Cervical Cancer: Stages
What does staging mean?
The stage of a cancer is how much and how far the cancer has spread in your body. Your healthcare provider uses exams and tests to find out the size of the cancer and where it is. He or she can also see if the cancer has grown into nearby areas, and if it has spread to other parts of your body. The stage of a cancer is one of the most important things to know when deciding how to treat the cancer.
Staging helps doctors compare one woman’s situation to other women with a similar stage of cervical cancer. A doctor can have some insight about how the cancer may grow, and how certain kinds of treatment may work.
How cervical cancer spreads
Cervical cancer can start growing in other parts of the body and spread in 2 main ways:
It may grow larger and grow into nearby areas such as the vagina, bladder, rectum, or other tissues near the uterus and vagina.
It may spread through the lymph nodes in the pelvis.
A third type of spread is through the bloodstream. This is not common.
When cervical cancer has spread to another part of the body, it's not a new cancer. For example, if it spreads to the vagina, it's not called vaginal cancer. It's still cervical cancer. This is because cancer is named for the site of the original tumor.
Stage groupings of cervical cancer
The staging system most often used for cervical cancer is by the International Federation of Gynecology and Obstetrics (FIGO). The Roman numerals from 0 to IV stand for the different stages of the cancer. The higher the number, the more advanced the cancer is.
This stage is not included in the FIGO system. This stage is also called carcinoma in situ (CIS). The cancer has grown only in the surface layer of cells lining your cervix.
This cancer has grown into your cervix. It has not spread. Stage I is then divided into these groups:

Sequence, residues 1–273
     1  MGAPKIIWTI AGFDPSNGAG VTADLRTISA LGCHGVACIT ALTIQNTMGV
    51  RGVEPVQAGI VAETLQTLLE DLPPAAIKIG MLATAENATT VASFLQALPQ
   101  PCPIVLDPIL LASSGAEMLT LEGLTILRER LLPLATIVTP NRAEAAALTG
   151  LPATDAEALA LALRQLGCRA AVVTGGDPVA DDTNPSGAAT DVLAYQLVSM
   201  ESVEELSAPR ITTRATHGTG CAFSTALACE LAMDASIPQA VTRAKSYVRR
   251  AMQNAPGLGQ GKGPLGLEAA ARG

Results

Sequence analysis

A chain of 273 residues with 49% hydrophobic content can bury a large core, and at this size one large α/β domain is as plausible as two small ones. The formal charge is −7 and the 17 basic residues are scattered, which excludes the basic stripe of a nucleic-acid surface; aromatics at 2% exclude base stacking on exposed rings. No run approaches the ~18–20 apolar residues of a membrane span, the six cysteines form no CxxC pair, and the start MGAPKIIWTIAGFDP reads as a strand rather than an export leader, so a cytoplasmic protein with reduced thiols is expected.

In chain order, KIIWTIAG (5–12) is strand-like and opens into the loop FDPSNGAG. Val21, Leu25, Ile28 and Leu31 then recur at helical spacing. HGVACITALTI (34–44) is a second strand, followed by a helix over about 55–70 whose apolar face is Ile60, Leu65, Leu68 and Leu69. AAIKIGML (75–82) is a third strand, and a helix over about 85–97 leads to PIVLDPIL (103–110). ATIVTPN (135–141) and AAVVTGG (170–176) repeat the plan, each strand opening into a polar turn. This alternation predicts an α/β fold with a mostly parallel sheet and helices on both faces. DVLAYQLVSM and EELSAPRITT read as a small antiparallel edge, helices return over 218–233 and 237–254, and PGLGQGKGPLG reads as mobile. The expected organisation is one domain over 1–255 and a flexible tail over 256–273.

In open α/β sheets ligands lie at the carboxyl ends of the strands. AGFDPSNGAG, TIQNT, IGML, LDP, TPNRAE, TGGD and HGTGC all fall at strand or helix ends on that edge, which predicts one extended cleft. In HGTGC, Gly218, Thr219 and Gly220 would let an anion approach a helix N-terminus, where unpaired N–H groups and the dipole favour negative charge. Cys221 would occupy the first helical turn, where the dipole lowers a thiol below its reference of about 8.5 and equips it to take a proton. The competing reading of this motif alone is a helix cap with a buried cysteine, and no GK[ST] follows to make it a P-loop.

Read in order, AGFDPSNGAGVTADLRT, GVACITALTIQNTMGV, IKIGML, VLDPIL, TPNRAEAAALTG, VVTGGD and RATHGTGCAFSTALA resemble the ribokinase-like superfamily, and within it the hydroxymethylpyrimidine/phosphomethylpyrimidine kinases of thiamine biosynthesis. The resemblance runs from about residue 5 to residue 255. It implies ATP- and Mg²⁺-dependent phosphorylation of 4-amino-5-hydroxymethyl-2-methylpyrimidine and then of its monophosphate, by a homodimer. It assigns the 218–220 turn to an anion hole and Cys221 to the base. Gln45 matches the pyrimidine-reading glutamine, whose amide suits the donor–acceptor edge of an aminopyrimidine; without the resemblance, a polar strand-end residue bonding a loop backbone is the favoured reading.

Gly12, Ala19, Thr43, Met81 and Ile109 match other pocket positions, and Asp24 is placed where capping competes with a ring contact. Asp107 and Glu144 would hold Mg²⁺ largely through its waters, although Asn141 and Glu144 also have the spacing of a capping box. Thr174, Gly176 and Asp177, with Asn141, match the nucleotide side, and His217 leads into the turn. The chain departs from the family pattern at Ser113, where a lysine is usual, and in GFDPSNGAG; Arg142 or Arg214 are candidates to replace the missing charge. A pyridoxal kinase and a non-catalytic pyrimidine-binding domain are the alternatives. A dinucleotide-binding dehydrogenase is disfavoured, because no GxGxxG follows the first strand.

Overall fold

Stage IA1. The doctor can’t see this cancer without a microscope. It is less than 3 millimeters (mm) deep and less than 7 mm wide.
Stage IA2. The doctor can’t see this cancer without a microscope. It is between 3 and 5 mm deep but still less than 7 mm wide.
Stage IB1. The tumor may be visible without a microscope. It is a tumor less than 4 cm in size and only in the cervix.
Stage IB2. A doctor can see this cancer without a microscope. It is larger than 4 cm in size and only in the cervix.
This cancer is in body parts near your cervix but has not spread outside your pelvis or to the lower part of your vagina. Stage II is then divided into these groups:
Stage IIA. This cancer can be seen with the naked eye and may extend to your upper vagina. It has not spread into the lower part of the vagina.
Stage IIA1. The cancer can be seen with the naked eye and is less than 4 cm in size.
Stage IIA2. The cancer can be seen with the naked eye and is more than 4 cm in size.
Stage IIB. This cancer has spread to the tissues around your vagina and uterus but not to the wall of the pelvis.
This cancer has spread to your lower vagina and/or to the wall of the pelvis and/or may be causing kidney problems. Stage III is then divided into these groups:
Stage IIIA. The cancer has spread to the lower third of your vagina. It has not spread to the wall of your pelvis.
Stage IIIB. The cancer has spread to the soft tissues around your vagina and cervix all the way to the wall of the pelvis. It may block urine flow to your bladder. It may have spread to lymph nodes in the pelvis. It has not spread to distant parts of your body.
The cancer has spread to other parts of your body, such as your bladder, rectum, or lungs. Stage IV is then divided into these groups:
Stage IVA. The cancer has spread to nearby organs, such as your bladder or rectum, but not to lymph nodes or distant organs.
Stage IVB. The cancer has spread to distant organs beyond your pelvis, such as your liver, lungs, bones, or distant lymph nodes.
Talking with your healthcare provider
Once your cancer is staged, your healthcare provider will talk with you about what the stage means for your treatment. Make sure to ask any questions or talk about your concerns.